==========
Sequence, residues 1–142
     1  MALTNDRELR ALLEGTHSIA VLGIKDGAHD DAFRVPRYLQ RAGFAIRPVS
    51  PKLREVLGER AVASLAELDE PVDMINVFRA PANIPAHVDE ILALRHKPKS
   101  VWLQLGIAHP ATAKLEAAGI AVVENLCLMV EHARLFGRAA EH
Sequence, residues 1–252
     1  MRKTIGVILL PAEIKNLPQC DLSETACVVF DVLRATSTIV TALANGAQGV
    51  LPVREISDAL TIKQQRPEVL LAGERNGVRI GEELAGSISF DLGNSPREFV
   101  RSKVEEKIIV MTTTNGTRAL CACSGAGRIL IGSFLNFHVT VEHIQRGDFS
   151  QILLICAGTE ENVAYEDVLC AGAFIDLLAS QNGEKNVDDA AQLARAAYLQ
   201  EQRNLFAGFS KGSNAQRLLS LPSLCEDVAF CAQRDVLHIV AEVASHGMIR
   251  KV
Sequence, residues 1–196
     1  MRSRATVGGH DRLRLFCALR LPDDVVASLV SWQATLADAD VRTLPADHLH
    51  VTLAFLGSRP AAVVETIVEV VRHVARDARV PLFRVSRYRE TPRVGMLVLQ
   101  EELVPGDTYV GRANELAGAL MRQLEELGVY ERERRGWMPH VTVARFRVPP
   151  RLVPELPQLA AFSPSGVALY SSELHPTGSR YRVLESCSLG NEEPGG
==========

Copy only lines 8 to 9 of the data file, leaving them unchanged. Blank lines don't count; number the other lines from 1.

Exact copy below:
   101  RSKVEEKIIV MTTTNGTRAL CACSGAGRIL IGSFLNFHVT VEHIQRGDFS
   151  QILLICAGTE ENVAYEDVLC AGAFIDLLAS QNGEKNVDDA AQLARAAYLQ